San Diego Opera general director Ian Campbell's beaming countenance is due to more than the recent birth of his first child. The opera company he has headed since July, 1983, has finally turned the corner, firmly re-establishing its local following and erasing its debt.
For the past two seasons, the international series at Civic Theatre has drawn houses that are about 93% full, compared to average attendance of 73% during Campbell's first season in San Diego. "That was the bottom of a four-year depression in opera attendance here," Campbell said. "By the 30th of June, we will have balanced our budget for this year. And we expect to have no accumulated deficit."
Putting the local company back on its feet, however, has not been painless. It has meant shrinking the Civic Theatre international series from six operas per season to four and eliminating the summer Verdi Festival inaugurated by Campbell's predecessor, Tito Capobianco.
Campbell now has been forced to terminate his own series of chamber operas at the Old Globe Theatre. The double bill of Menotti's "The Telephone" and "The Medium," which closed May 17 in Balboa Park, turned out to be the innovative series' swan song.
According to Campbell, eliminating the chamber opera series was an economic decision, pure and simple.
"It was a disappointing decision, but a practical one. I believe in chamber opera--I think it's a very important part of repertoire," he said. San Diego audiences, however, did not share Campbell's enthusiasm for such exotic fare.
"We had two great artistic successes, but they had no impact on the public. It was appreciated only by a small coterie," he said.
Although Campbell was not surprised by the small audiences for last year's Old Globe offering, "The Lighthouse," a demanding contemporary piece by English composer Peter Maxwell Davies, he was somewhat taken aback when the more accessible Menotti operas, which were directed by the composer himself, drew no larger crowds.
"San Diego audiences want to come to what they know," Campbell explained. "We found with 'The Medium' and 'The Telephone' that it's not something they know. It didn't matter that the composer himself arrived--it didn't sell! If we did something like 'Edgar' (Puccini's rarely staged second opera), and Puccini came back from the dead to direct it, not one person would come, because they don't know the piece."
Campbell has cut his losses with equanimity and without bitterness. Unlike Capobianco, who was so attached to the Verdi Festival that he left San Diego Opera rather than see his pet project curtailed by a cost-conscious board, Campbell has been attached solely to the solvency and stability of the company.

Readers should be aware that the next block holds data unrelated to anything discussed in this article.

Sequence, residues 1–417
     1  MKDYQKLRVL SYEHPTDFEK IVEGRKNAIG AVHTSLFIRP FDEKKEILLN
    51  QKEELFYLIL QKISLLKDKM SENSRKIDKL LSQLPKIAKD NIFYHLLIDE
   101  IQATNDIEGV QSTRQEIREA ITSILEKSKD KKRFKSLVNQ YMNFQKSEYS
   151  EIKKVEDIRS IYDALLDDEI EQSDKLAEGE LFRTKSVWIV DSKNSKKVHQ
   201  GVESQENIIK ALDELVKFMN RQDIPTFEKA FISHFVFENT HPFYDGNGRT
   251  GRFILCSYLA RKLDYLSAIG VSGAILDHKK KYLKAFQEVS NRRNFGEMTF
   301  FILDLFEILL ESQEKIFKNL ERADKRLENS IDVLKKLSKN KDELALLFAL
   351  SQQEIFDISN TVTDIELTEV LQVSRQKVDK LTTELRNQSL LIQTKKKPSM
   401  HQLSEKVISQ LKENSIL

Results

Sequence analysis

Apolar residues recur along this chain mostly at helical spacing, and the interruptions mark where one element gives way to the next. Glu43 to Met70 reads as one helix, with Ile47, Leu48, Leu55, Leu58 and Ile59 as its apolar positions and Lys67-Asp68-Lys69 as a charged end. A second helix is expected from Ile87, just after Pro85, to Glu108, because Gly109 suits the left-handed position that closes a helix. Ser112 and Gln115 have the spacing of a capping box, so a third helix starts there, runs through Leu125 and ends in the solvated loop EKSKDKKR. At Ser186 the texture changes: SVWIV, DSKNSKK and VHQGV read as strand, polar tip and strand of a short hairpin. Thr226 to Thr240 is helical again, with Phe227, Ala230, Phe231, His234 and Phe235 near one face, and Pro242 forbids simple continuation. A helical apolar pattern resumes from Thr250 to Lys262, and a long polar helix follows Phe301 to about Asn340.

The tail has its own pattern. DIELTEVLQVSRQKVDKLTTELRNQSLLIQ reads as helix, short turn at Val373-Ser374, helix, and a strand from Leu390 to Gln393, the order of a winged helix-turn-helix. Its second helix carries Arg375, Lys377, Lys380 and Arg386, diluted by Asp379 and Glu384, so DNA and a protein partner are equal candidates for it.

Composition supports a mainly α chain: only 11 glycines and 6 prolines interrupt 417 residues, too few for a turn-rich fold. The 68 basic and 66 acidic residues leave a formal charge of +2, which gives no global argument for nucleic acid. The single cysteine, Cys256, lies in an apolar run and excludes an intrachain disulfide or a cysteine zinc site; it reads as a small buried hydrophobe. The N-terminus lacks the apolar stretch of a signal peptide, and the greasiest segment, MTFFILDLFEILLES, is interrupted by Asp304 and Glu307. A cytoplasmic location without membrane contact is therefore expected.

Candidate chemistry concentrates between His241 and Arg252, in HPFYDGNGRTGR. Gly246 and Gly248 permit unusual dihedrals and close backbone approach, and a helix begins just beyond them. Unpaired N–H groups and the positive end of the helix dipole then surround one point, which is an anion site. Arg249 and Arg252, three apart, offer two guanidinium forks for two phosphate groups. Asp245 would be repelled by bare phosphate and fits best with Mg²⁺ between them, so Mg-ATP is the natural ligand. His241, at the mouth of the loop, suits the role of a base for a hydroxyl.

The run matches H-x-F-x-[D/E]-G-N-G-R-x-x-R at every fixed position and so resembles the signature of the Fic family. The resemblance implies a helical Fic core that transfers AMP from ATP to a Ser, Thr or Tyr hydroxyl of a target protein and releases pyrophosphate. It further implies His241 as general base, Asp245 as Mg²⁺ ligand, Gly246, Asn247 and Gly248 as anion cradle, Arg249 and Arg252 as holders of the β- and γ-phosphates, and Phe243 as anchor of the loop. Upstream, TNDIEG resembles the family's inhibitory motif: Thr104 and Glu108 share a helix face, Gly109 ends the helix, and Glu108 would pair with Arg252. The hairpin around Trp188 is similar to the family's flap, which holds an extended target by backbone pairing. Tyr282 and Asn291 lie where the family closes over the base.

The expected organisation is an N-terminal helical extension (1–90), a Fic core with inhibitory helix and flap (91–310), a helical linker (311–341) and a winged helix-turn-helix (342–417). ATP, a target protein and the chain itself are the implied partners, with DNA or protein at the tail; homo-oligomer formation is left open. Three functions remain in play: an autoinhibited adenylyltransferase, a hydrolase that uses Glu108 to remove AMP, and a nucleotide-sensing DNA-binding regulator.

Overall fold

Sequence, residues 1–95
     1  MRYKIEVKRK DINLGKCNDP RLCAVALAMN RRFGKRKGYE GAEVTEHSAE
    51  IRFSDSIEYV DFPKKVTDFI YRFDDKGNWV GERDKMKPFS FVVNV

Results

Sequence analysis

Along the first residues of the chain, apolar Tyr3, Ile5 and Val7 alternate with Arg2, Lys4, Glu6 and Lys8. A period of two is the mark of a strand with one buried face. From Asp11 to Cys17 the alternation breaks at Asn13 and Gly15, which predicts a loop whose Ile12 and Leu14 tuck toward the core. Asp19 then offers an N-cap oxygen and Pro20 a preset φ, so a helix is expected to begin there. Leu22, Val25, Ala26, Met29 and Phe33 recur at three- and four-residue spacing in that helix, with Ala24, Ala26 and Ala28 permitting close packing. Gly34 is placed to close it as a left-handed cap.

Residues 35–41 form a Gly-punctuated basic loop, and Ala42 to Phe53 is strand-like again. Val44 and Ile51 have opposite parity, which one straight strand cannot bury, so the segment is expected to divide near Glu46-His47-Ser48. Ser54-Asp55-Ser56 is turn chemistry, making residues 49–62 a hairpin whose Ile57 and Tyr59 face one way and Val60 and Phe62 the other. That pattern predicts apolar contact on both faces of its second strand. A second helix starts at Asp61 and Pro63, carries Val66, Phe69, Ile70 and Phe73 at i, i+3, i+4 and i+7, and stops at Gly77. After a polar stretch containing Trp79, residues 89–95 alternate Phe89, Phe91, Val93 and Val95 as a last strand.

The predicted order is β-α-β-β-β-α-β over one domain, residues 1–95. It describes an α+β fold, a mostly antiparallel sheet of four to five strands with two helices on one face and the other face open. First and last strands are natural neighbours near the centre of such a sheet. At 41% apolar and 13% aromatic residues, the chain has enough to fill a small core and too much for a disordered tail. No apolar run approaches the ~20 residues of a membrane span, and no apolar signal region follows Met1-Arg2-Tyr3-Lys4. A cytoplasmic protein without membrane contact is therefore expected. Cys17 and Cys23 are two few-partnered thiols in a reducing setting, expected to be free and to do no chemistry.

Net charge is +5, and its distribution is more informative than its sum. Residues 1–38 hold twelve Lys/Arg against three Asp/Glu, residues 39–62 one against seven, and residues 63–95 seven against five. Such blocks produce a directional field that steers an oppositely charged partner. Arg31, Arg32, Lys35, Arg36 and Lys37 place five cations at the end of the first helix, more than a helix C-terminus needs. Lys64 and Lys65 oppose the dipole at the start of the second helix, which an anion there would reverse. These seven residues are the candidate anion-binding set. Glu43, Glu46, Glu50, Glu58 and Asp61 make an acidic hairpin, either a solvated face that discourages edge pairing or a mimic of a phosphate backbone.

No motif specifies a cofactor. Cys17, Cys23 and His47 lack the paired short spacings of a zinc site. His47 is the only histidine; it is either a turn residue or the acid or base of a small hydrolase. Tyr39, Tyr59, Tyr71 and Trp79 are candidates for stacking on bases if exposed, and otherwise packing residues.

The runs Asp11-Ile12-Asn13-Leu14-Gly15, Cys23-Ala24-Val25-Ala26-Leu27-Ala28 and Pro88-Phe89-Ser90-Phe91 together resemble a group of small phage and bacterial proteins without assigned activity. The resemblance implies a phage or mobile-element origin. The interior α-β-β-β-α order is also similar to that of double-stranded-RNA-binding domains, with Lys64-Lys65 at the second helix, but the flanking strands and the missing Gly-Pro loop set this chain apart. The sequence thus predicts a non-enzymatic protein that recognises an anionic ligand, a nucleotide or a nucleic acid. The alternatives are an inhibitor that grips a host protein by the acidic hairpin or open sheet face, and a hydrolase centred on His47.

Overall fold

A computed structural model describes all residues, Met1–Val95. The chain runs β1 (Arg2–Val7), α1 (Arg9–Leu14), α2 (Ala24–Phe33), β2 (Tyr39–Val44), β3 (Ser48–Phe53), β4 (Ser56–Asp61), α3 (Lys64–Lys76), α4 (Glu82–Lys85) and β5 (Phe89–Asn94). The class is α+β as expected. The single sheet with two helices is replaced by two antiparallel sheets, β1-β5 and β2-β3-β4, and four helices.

"When I came, I was given a five-year contract," he said. "My one obligation was to restore the audience, which I have done."
The Australian-born director stressed that he did not consider pruning the number of San Diego Opera productions as a kind of retrenchment.
"We are an opera company consolidating, living to fight another day," he said. "If we had continued on the path we were on (when Capobianco left in 1983), we would not be here today. Eight opera productions per year were bound to incur deficits, and the company was not raising enough money on a reliable fund-raising base to keep going."
Campbell discreetly alluded to the plight of the San Diego Symphony, which expanded itself into insolvency and finally into dissolution.
In the wake of the symphony debacle, Campbell has found raising money for the opera to be particularly difficult.
"Many business people gave money to save the symphony. But those who had never before given to the arts, who were caught up in the excitement and urgency of it, thought their contributions would save and stabilize the organization. Within months, they believed, their money had gone down the drain," he said.
When Campbell turns up on the doorsteps of these business leaders, the first thing he hears is, "I got burned!"
Campbell said that although no one has come out and said, "You arts administrators lie," that's the unmistakable message he gets. But donors who have supported the opera do not display the same cynicism.
In his four years at the helm of San Diego Opera, Campbell has become adept at dealing with audience dissatisfaction. "It's absolutely amazing how happy I've made people by being truthful," he said. Recently, a patron took Campbell aside to express displeasure over last fall's production of Bellini's "Norma."
"I thought 'Norma' was the worst thing you've ever done," the patron solemnly intoned. Campbell replied, without the slightest hesitation, "I was ashamed of it, too!"
"People are not used to an opera director admitting that they make mistakes," he said. "We do take risks that sometimes don't pay off. There are, however, certain ingredients in that 'Norma' production that will not be repeated."
This fall, San Diego Opera will inaugurate a new educational program, a resident opera ensemble that will bring opera into the schools. "We will have six young, semi-professional singers in residence," he said. "We're bringing them in from New York and San Francisco--not just using what's available locally. They'll do an abridged 'The Barber of Seville,' as well as programs about the lives of Mozart and Puccini."
If such programs sound conservative and remote from avant-garde innovation, it doesn't faze Campbell. He knows his overall programming for the company has been dismissed by some as too conservative.
"I'm starting to like the word 'conservative' with regard to the opera," he said, "because it comes from a root that means conserving your resourses. It really doesn't mean keeping your head in the sand."